John O. Perpener III (Guest Choreographer) holds a doctorate degree in performance studies from New York University, is a dancer and dance historian. “Dr. Perpener’s contributions to the African Diaspora performativity and aesthetics as a scholar and stage dancer transcend genres of cultural and intellectual production,” said Akin Ogundiran, the chair of the UNCC African Studies Department. Perpener also holds a master’s degree from Southern Methodist University. His performance career includes touring with the Harford Ballet Company, the Maryland Dance Theater and the D.C Black Repertory Dance Company. Additionally, he is the author of “African-American Concert Dance: The Harlem Renaissance and Beyond.”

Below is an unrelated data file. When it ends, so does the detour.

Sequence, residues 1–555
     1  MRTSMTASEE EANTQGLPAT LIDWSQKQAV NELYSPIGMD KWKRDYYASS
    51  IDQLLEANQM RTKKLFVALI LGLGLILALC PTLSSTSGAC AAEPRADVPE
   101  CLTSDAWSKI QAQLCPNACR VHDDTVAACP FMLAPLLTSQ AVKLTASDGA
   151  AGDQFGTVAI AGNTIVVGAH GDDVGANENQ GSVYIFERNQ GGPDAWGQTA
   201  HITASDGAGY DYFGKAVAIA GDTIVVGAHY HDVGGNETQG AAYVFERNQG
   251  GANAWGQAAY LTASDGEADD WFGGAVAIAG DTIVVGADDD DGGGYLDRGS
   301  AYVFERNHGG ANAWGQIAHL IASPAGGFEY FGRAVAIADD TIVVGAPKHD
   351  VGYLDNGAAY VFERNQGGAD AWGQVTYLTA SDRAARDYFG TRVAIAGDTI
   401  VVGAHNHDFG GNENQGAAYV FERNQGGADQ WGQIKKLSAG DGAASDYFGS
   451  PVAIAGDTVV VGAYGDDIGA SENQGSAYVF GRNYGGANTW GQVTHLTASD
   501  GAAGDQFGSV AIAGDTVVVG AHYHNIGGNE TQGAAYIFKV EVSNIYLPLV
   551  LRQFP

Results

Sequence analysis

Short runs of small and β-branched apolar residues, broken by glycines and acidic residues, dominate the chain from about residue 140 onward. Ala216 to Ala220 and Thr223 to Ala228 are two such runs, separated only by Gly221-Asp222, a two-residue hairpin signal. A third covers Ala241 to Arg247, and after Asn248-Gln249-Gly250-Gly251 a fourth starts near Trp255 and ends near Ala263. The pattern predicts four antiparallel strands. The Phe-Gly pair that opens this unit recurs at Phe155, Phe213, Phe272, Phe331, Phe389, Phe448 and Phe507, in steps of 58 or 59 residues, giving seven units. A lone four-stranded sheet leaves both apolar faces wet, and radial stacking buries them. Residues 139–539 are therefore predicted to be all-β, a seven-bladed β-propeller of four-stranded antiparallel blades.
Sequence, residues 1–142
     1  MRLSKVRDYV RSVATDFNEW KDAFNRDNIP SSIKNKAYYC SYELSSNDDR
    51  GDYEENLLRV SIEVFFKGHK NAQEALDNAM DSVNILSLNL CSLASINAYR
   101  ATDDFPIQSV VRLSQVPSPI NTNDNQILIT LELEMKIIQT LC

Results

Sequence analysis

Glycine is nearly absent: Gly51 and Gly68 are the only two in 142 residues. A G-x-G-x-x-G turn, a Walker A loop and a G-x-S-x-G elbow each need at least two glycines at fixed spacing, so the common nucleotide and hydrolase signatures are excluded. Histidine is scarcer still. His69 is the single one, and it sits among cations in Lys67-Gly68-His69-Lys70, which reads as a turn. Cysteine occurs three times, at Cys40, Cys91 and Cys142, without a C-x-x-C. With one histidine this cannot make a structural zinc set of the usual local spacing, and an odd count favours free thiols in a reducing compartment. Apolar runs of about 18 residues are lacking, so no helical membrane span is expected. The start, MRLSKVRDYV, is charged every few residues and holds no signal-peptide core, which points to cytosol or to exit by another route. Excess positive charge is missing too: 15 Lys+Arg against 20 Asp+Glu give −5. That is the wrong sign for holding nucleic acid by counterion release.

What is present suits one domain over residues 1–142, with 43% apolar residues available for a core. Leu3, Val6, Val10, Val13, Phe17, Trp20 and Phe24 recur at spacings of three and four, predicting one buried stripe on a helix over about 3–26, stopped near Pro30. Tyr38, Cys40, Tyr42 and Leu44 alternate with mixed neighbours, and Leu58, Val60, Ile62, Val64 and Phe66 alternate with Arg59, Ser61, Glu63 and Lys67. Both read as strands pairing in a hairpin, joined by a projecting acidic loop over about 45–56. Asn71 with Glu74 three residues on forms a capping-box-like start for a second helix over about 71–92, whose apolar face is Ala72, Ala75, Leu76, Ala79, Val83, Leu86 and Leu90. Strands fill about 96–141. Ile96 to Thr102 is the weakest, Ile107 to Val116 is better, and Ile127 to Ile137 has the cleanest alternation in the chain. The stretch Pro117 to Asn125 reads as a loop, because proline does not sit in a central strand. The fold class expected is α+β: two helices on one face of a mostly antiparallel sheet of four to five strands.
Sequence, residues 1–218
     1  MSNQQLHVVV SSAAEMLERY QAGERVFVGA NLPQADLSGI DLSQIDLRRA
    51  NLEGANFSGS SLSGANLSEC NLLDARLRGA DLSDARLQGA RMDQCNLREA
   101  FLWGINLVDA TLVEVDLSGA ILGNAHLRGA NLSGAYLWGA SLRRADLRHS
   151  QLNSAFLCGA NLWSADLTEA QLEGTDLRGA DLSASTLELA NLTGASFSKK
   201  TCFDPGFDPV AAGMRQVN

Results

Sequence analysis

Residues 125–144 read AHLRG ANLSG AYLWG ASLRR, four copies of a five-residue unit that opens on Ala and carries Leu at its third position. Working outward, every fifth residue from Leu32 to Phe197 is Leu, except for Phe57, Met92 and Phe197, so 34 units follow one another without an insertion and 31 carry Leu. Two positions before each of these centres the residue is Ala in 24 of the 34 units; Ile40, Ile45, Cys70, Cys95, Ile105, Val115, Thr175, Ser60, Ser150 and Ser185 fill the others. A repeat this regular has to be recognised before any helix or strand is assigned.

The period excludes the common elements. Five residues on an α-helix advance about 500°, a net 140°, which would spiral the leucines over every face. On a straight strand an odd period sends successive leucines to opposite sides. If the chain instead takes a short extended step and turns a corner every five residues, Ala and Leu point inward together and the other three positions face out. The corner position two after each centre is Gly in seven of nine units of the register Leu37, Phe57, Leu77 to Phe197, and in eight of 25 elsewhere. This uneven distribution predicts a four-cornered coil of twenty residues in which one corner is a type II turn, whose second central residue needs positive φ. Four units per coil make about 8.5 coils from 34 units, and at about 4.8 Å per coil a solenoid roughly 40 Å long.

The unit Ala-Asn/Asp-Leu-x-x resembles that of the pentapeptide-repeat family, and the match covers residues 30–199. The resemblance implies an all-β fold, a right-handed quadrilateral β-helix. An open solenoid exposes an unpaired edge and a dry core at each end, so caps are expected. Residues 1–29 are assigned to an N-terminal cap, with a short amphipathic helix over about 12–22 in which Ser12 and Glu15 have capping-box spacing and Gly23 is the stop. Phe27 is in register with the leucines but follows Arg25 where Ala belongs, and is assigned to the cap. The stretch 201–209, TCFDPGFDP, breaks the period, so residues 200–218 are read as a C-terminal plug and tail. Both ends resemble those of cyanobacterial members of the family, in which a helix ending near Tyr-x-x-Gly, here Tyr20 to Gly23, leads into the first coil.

Vladimir Conde Reche (Guest Choreographer), a native of Sao Paulo, Brazil, received his BFA from The Julliard School and MFA in choreography from the University of Iowa; danced with Cisne Negro Dance Company, Ballet Stagiun, and was a guest artist for other companies. Vladimir has performed, choreographed and taught all over the globe. Among the countries where he has worked are Argentina, Austria, Brazil, Colombia, England, Germany, Italy, Mongolia, Panama, Paraguay, Peru, South Africa, the United States and Uruguay. With his extensive training in ballet and his background in Graham, Limón, and Taylor techniques, Vladimir teaches technique classes that align traditional with contemporary techniques, applying the necessary approaches to guide young dancers of the current generation toward the demands of present performance arenas. As a choreographer Vladimir frequently collaborates with composers, costume, set and lighting designers; he choreographs for students and professionals in the contemporary, ballet and theatrical idioms (plays and musicals), some of his most recent creations are in dance films. Vladimir chooses to comment on current issues engaging collaborators, performers and audience members using traditional and/or contemporary language. Vladimir has been an influential dance master and choreographer in Albuquerque, frequently and consistently teaching and choreographing for local studios and institutions. He has been a faculty member for the Dance program at the University of New Mexico since 2008, also serving as Department Chair and Head of the Dance Program.